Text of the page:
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13 Apr 2011

Getting to Know You: Staci McCabe

Getting to Know You

In this edition of the Vertical Measures employee interview series, I sit down with VM intern Staci McCabe about intern life at Vertical Measures, attending Columbine High School and her love of politics.

Michael Schwartz: What do you do here at Vertical Measures?

Staci McCabe: As an intern at Vertical Measures since the beginning of January, I’ve had the opportunity to do lots of different things. For instance, I have edited articles, blog posts and other online content and compiled information to be used to create infographics. Still, most of what I do consists of link building on behalf of various clients.

Michael: What have you gotten out of this internship thus far?

Staci: In just the last few months, I’ve gained a lot of insight into the detailed workings of SEO. While I had some basic knowledge before the internship, I have learned so much from the talented staff at Vertical Measures.  In particular, it’s been very interesting to see the impact that high-quality SEO efforts can have on sites’ rankings and to get a first-hand view of the changes in link building and content creation efforts as the SEO environment evolves.

Staci McCabe

Michael: Tell us a little bit about the origins of your name and why some of us call you Blue Rae.

Staci: The nickname comes from a kind of silly back story. Before I was born, my parents were convinced that I was going to be a boy and had thrown around the idea of naming me Blue. Luckily, they thought better of it when I turned out to be a girl. However, a fellow VM staffer combined the name Blue with my middle name, Rae, to create the infamous nickname Blue Rae. I guess I can live with the nickname, but all I have to say is, thank goodness I’m a girl.

Michael: You were a local fifth-grader during the horrible tragedy at Columbine High School. What was it like to be an elementary school kid on that terrible day? What kind of reaction do you normally get when you tell people you went to Columbine High School?

Staci: Actually, I rarely tell people I went to high school there because it typically evolves into a long discussion filled with pretty strange questions. However once people know, I’d say the most common questions people come up with deal with whether or not I was there, whether anyone I knew died and whether or not I felt safe attending high school at Columbine.

Michael: You previously interned with Arizona Congressman Harry Mitchell. How did you assist with his campaign and what did you learn from that experience?

Staci: I’ve actually interned for both Congressman Harry Mitchell’s re-election campaign and in his congressional office, both of which were amazing learning experiences. During my campaign internship, I did a little bit of everything, including assisting with press, volunteer organizing and financial and opposition research. Being able to dabble in a couple different areas gave me a rare opportunity to learn a lot about the organization and structure of political campaigns.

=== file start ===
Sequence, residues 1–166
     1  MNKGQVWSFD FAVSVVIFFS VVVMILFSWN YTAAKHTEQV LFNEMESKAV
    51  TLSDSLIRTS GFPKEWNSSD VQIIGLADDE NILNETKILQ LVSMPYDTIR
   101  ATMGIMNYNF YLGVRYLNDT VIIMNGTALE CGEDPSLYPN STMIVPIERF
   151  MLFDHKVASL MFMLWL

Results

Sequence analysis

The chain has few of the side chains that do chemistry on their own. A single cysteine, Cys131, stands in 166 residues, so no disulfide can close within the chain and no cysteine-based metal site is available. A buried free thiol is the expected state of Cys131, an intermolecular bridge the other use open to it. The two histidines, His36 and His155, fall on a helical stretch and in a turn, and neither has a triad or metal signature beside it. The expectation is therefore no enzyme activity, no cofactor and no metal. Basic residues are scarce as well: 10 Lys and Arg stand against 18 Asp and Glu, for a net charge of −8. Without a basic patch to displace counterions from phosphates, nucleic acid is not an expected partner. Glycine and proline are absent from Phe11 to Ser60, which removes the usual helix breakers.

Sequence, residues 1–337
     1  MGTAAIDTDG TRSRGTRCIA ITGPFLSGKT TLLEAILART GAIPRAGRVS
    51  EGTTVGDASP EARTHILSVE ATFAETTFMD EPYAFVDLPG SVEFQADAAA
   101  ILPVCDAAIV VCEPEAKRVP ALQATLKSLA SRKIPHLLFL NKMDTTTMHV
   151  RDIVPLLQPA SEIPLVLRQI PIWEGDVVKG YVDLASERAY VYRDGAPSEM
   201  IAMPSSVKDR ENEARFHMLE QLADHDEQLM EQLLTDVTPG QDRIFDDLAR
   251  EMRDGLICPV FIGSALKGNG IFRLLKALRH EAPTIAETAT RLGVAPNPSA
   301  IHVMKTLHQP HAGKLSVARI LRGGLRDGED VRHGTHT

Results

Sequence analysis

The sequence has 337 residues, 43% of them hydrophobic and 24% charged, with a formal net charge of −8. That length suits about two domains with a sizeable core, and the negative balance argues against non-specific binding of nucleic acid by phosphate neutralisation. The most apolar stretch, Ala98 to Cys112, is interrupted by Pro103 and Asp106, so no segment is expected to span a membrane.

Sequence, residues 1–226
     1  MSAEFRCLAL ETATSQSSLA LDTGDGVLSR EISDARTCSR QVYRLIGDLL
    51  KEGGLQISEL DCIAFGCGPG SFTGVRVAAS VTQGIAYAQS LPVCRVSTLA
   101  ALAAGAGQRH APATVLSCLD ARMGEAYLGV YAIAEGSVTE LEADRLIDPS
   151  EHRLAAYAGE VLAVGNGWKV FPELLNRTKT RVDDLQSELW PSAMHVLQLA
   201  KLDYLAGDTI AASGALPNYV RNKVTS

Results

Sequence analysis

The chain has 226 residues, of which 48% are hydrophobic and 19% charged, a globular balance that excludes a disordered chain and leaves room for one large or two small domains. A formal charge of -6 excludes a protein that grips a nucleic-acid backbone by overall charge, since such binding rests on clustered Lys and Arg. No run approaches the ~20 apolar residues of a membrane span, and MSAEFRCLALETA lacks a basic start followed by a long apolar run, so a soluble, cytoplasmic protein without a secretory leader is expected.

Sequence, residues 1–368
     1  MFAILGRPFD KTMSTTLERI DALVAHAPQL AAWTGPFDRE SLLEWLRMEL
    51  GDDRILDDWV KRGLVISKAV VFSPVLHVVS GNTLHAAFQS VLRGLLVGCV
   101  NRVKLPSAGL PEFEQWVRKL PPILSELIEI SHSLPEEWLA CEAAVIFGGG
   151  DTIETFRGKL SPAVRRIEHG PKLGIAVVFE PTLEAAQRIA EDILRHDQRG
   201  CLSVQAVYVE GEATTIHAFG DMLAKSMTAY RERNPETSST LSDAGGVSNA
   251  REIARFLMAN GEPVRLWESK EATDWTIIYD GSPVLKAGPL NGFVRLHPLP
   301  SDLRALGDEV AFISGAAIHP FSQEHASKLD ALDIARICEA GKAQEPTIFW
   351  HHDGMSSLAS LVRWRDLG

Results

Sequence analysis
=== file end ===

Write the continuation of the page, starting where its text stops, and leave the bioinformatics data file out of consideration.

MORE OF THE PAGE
Michael: Why do you want to embark on a career in politics?

Staci: Politics has always been a passion of mine, but I’ve become more actively involved since coming to Arizona for college. Plus, I think that my degree in political science and public relations is a good blend that lends itself well to a career in politics. It’s a non-traditional combination that allows me to explore some different career opportunities within the political and communications arena. Ultimately, I would like to work for a PR agency that focuses on public policy or as part of the press operations for a member of Congress.

Michael: In what ways does social media mesh with politics?

Staci: While I think social media is having an increasing influence on just about every genre, I think it is an especially interesting force within the political sphere. Social media offers an informal, not to mention cost-effective, way to connect directly with people, which is a great alternative and complement to expensive political advertising. But it’s certainly not just about advertising – there are already some really neat examples of how people in politics are using social media to motivate volunteers, spread information and organize with like-minded people.

Michael: How excited are you to graduate from ASU next month?

Staci: I’m extremely excited to finish my undergraduate career! It’s been a fun four years, but I’m ready to put the textbooks and homework away for a bit and embark on the next part of my journey as a young PR professional.

Michael: What are your immediate plans after graduation?

Staci: After graduation in May, I will be heading to Washington, D.C. with an ASU-sponsored program. As part of the program, I’ll be spending the summer interning somewhere on Capitol Hill. There is no final word on where I’ll be interning as of now, but I’m very excited to spend the summer in D.C. and learn a bit more about press operations and political operations in the high-paced environment of D.C.

Michael: Finally, what do you like about interning at VM?

Staci: I’ve most enjoyed being able to work on a multitude of different projects, which makes for a great learning experience. But most of all, I’ve enjoyed getting to know everyone at the office and having the chance to learn a little bit more about them and their take on where they see SEO efforts heading in the future.